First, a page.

Joshua Cole’s mother spotted a famous face as they were walking to their connecting flight in Hartsfield–Jackson Atlanta International Airport in 2003.
“Josh, Josh, that’s Miss Coretta Scott King,” she said. “Go talk to her, go talk to her.”
Cole said that he was skeptical at first, but walked over to the woman and asked if she was, indeed, Coretta Scott King.
She replied, “Why, yes, I am young man, and how are you?” Cole, president of the Stafford County chapter of the NAACP, told the more than 350 people packing the Fredericksburg Hospitality House & Conference Center ballroom for the Dr. Martin Luther King Jr. Prayer Breakfast Monday.
“She extended her hand to me,” he said, “and I shook the hand of greatness.”
Cole, who recently announced that he plans another run for Virginia’s 28th House District, said that it was always exciting for him as a boy growing up in Stafford to hear stories of the late civil rights leader. He was devastated to learn when he was a child that King had been assassinated, and he’d never have the chance to meet him.
“But in 2003, the fates would allow that I shake the hand of the next greatest person closest to him, his own wife,” he said. “And that, to me, gives me the courage and ability to believe that I have a personal connection to the Rev. Dr. Martin Luther King’s vision and his dream, and I wanted to let you know this morning that the dream is yet alive.”
Cole, the keynote speaker at the Fredericksburg Branch NAACP’s annual event, paused for a round of applause before adding people can’t be complacent and think that the dream of equality that King spoke of 51 years ago in his famous “I Have a Dream” speech has become reality just because some legislation has been passed and an African–American was elected president.
“The reality is we have merely placed Band–Aid after Band–Aid after Band–Aid after Band–Aid on a wound that has never healed,” he said.
Injustices are still going on across America and the world, from the ongoing government shutdown to illegal immigrant children being separated from their parents to Civil War monuments being preserved in the name of history, said Cole. He reminded them of King’s message that “injustice anywhere is a threat to justice everywhere,” and urged them to continue the fight.
“When we stand up for what is right, when we speak up for what is right,” he said, “we continue to make the dream yet alive.”
The Fredericksburg Branch NAACP has honored King’s memory with a breakfast program on Martin Luther King Day since 2001, when the Rev. Dr. Nathaniel Young, its president at the time, organized the first one. The program has grown in popularity over the years, and Monday’s was the largest ever, said Charlyne Jackson–Fields, the current Fredericksburg Branch president.
Gaye Todd Adegbalola, the branch’s vice president, kicked off the program at 9 a.m. by leading the audience in a rousing rendition of “Woke Up This Morning (With My Mind Stayed on Freedom), a revamp of an old gospel song created during the Freedom Rides. It was one of a number of musical selections featuring Keith Armstead and his ensemble that interspersed prayers, remarks and a salute to artist Johnny P. Johnson and his wife, Jean, recipients of this year’s Martin Luther King Jr. Humanitarian Award, and Brandon Woolridge as the organization’s first Youth Humanitarian Award winner.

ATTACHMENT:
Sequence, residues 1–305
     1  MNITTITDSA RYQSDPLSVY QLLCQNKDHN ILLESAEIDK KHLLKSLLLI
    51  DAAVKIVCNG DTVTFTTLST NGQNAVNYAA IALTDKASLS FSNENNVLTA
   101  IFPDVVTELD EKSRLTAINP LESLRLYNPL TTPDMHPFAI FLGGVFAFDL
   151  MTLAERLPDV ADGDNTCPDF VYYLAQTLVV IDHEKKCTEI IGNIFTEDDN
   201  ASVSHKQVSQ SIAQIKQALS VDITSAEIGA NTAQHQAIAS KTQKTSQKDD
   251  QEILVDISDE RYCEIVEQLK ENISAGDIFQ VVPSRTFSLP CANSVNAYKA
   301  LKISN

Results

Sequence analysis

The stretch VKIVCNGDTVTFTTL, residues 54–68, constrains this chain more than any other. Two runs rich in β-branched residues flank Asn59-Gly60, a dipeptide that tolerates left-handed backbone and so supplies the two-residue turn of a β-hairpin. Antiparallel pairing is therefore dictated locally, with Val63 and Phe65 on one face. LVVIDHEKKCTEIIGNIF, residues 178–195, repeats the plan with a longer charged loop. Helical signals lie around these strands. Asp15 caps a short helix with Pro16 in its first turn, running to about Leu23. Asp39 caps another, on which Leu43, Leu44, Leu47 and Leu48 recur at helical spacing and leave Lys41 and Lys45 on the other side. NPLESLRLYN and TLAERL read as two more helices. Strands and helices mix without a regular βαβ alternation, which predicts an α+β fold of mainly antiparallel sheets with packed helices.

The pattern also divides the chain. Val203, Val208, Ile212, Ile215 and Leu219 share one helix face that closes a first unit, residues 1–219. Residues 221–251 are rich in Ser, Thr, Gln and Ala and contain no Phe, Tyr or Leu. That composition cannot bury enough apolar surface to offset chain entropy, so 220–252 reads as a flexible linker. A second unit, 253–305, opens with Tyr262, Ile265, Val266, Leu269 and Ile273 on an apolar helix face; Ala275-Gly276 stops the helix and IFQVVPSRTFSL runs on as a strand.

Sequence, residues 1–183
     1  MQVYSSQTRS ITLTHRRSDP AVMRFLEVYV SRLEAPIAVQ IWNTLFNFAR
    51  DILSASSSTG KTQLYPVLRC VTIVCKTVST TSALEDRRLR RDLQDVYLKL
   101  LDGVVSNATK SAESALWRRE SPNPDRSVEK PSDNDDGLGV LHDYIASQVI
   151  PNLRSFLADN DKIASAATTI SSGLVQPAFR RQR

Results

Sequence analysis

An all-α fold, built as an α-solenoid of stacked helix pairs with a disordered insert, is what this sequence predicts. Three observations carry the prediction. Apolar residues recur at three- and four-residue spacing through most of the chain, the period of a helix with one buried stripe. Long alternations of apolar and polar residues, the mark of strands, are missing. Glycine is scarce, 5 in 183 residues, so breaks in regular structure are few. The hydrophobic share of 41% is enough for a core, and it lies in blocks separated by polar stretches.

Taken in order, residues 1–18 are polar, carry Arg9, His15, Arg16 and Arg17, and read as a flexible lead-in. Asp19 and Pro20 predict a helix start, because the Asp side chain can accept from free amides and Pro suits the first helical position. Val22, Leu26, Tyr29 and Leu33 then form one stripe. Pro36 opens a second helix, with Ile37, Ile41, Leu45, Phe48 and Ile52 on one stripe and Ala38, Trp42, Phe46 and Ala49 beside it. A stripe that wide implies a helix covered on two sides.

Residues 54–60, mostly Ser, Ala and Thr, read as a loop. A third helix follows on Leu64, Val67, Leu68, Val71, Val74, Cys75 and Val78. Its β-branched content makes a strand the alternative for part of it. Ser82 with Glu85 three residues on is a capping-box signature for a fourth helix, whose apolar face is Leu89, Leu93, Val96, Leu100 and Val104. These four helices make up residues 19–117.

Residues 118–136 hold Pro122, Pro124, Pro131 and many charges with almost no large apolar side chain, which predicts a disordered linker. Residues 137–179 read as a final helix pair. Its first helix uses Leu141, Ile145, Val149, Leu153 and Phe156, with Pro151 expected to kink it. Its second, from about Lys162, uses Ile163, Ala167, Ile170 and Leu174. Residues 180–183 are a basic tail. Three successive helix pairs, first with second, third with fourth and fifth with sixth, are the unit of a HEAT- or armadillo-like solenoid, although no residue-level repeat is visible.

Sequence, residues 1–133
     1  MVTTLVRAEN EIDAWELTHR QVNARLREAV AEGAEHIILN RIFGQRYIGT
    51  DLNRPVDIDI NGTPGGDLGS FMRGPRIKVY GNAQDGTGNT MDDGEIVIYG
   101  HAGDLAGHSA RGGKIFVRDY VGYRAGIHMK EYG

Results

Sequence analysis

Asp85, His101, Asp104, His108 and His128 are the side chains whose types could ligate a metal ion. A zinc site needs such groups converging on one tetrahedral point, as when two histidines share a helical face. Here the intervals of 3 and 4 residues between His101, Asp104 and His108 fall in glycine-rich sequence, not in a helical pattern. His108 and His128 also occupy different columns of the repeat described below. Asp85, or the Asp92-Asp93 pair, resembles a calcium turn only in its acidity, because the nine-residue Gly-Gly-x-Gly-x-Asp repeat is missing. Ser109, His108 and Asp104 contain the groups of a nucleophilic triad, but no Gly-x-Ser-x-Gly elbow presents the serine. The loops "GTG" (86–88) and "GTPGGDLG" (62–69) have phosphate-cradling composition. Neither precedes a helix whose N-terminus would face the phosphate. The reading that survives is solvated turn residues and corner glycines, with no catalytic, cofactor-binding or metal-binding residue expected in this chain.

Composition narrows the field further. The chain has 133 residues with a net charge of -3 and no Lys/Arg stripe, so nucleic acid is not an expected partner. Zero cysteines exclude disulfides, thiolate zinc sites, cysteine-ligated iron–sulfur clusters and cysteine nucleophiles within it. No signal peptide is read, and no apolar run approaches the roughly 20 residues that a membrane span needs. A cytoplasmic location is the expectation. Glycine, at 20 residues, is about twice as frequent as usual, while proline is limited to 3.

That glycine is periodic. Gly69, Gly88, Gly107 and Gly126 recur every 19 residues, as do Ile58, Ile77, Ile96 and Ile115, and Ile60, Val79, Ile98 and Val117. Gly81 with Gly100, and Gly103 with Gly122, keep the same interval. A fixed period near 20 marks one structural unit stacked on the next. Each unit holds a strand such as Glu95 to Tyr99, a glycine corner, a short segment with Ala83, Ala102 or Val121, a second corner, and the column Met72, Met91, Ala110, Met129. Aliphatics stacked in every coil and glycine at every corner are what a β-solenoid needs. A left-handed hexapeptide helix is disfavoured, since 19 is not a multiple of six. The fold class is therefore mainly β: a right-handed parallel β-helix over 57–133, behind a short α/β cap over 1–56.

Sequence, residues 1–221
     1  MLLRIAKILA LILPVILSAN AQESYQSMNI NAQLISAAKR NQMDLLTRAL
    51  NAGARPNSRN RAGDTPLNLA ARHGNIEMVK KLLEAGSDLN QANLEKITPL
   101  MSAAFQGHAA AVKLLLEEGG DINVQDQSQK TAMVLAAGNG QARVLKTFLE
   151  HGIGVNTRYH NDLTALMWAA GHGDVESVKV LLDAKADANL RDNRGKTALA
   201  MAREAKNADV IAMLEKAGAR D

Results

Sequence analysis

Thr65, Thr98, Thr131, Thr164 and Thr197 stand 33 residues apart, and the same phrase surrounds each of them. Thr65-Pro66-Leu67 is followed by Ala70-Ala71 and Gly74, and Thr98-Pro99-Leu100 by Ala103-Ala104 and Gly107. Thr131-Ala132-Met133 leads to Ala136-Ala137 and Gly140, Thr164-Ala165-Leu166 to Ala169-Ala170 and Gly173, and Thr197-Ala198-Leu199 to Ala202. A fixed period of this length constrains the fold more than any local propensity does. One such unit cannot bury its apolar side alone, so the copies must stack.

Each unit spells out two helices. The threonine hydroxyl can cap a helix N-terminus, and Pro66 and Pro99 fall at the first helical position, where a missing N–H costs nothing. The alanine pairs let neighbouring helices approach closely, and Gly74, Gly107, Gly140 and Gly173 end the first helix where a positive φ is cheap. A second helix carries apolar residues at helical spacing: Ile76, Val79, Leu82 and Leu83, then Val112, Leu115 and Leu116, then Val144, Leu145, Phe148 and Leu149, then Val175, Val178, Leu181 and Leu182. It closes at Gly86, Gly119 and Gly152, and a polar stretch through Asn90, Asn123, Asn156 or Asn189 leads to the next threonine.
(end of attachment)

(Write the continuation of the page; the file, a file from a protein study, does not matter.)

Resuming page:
The Johnsons were outstanding teachers in the Fredericksburg school system from the late 1950s to early 1980s, and provided critical leadership as the city’s schools were integrated, said Xavier Richardson, who presented the awards.
Richardson lauded the Johnsons’ dedication to community service and philanthropy, and noted the hundreds of paintings that Johnny Johnson had donated to organizations.
In accepting the honor, Johnson said that his interest in civil rights was sparked 65 years ago in his hometown of Henderson, N.C., when a black woman called the police because her mentally ill brother was “acting up.” The police couldn’t get him out of the house, even after tossing in canisters of tear gas. The sheriff deputized a taxi driver at the scene who had a .30–30 rifle, and the taxi driver shot the unarmed man.
Henderson was a hotbed of KKK activity at the time, he said, and the taxi driver’s action was deemed legal because he’d been deputized.
Johnson said that Mamie Scott, a Fredericksburg teacher, civil rights activist, and Head Start director who died in 2000, convinced him to be a life member of the NAACP when he moved to the city.
Woolridge, a James Monroe High School senior and captain of its football team, was inspired to perform random acts of kindness by his late father’s insistence on giving money to the homeless, Richardson said. These have included asking a special needs student to accompany him to the prom, and presenting flowers and candy as surprise Valentine’s Day gifts to the school’s female custodians. His actions helped inspire JMHS students to vote for a special needs student as prom queen.
Other speakers included 1st District Congressman Rob Wittman, who shared a tweet that morning from King’s daughter, Bernice King. She called her father, “a Christ-centered, love-fueled, justice-seeking, peacemaking, globally-minded, nonviolent revolutionary & prophet.”
That captured what King was about and why people celebrate his legacy today, he said, but it’s become too easy to look at their differences and it’s more difficult to look at what they have in common.
“Just what we see in Washington today is an example of where differences are highlighted, but indeed we should be looking at what we have in common, because I do believe there is more common ground than any of us can even dream,” Wittman said. “And when we seek to solve this nation’s problems, it’s that common ground that we should be finding and where we should be putting our effort, not the effort into looking where the differences are.”